Labor Earnings, Discrimination, and the Racial Composition of Jobs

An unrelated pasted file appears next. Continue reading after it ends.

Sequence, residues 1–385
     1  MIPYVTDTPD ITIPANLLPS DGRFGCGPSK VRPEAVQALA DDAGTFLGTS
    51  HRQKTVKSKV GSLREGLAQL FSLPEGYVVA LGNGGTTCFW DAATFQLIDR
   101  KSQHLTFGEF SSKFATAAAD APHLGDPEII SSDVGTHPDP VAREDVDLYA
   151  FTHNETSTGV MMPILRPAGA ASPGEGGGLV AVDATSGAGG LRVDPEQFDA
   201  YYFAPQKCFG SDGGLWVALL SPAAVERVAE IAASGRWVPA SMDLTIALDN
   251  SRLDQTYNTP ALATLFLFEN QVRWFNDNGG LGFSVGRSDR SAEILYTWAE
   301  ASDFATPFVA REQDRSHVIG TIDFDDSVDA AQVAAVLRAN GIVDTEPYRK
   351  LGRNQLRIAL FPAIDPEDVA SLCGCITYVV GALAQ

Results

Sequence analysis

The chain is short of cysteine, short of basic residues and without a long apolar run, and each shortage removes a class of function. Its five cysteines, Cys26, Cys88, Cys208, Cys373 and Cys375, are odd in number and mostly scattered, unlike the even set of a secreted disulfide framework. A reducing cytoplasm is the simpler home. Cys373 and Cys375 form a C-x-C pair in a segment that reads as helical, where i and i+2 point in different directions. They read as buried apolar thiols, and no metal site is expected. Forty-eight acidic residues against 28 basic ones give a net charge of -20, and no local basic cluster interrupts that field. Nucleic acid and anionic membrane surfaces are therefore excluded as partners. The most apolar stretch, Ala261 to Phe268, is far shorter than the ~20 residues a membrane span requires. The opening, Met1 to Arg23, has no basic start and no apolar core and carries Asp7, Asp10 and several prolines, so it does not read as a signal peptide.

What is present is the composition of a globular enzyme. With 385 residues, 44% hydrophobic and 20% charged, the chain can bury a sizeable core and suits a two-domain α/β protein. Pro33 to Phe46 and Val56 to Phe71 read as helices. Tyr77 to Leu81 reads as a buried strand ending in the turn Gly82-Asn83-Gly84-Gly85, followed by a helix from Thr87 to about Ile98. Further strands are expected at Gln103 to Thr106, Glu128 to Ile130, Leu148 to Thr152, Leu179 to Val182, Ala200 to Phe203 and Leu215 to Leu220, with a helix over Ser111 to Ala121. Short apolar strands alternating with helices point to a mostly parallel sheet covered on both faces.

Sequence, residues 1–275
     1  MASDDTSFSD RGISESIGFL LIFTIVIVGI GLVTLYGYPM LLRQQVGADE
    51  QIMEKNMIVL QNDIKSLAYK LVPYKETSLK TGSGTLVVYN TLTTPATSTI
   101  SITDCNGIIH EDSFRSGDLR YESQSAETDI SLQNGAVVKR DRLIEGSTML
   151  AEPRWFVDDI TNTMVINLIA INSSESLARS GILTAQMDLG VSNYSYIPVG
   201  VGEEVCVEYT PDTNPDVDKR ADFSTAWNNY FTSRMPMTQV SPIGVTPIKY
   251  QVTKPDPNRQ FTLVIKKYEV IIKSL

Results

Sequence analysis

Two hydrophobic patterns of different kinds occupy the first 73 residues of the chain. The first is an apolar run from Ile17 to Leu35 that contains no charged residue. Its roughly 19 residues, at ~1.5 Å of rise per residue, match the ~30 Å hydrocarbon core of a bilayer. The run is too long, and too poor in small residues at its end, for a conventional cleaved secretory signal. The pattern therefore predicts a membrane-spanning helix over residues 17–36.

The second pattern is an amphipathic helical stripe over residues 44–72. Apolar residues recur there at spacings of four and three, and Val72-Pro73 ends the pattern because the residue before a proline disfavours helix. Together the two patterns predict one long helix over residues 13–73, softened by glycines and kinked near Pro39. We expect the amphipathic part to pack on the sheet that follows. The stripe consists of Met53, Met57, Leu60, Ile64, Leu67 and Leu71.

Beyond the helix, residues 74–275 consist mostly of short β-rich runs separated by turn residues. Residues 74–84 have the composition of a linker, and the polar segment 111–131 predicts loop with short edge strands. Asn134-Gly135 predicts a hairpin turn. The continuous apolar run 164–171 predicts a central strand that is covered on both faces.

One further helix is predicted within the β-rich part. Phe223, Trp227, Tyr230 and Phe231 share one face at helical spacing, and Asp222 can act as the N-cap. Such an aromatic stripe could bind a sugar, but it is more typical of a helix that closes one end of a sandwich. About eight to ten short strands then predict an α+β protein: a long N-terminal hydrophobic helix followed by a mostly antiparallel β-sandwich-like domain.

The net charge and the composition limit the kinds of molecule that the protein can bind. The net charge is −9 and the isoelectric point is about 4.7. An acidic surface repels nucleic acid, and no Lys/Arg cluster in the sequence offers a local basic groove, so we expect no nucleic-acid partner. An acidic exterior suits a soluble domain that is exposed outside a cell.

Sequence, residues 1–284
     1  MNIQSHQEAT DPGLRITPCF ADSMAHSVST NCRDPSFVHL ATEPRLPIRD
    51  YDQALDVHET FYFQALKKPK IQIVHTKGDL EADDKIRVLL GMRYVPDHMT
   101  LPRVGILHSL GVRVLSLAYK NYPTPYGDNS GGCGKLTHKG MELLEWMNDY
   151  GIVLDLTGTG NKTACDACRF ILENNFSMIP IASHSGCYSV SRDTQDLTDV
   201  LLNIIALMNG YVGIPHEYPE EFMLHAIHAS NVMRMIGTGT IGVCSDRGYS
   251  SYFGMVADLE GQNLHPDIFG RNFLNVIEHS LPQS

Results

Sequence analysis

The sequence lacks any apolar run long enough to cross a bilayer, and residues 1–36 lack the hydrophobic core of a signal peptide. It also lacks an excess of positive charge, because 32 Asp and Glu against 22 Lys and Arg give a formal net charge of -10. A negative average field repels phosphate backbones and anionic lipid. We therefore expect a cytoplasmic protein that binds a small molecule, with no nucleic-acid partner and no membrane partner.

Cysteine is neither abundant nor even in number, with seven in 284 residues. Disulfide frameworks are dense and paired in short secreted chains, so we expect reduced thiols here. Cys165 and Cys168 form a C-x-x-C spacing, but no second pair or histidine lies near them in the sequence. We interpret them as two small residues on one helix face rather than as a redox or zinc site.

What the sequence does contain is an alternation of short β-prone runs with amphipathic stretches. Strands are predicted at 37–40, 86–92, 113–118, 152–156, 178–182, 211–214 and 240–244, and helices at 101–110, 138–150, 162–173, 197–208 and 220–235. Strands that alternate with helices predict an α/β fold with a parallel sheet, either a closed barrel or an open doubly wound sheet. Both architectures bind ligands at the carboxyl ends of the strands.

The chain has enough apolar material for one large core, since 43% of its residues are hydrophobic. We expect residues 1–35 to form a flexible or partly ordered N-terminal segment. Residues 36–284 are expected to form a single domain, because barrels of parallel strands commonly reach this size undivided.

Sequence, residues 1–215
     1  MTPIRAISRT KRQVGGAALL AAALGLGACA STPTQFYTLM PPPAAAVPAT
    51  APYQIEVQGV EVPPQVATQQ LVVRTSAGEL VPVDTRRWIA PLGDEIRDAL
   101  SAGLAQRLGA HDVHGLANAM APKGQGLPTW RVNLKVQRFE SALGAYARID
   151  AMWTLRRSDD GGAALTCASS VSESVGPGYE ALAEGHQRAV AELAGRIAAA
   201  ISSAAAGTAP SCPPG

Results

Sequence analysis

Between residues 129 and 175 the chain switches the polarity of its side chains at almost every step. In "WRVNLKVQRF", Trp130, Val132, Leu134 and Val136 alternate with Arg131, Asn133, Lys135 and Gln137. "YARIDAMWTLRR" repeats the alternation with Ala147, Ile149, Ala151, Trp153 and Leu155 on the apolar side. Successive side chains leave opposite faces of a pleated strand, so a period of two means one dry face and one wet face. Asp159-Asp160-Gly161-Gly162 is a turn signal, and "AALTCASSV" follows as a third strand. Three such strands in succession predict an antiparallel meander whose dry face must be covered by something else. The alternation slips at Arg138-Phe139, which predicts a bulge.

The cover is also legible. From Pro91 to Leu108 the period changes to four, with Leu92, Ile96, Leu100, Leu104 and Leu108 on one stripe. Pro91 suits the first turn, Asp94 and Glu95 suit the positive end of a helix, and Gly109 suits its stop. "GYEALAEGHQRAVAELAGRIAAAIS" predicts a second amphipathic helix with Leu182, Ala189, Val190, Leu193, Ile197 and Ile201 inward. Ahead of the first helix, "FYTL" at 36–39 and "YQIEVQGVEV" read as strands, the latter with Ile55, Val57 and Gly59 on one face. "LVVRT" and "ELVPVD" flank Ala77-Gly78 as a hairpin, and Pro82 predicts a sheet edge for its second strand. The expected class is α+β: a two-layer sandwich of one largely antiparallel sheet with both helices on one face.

This paper examines the effect of the racial composition of labor markets on wage rates and the racial wage gap. The wage rates of white as well as black workers are significantly lower in industry-occupation-regional groups with high densities of black workers, while the racial wage gap does not vary systematically with respect to racial density. Interpretation of racial gap estimates can be sensitive to inclusion of a racial density variable, particularly in sparse specifications. An explanation for the wage-density relationship cannot be established, but results are most consistent with a quality sorting explanation and, to a lesser extent, the crowding hypothesis.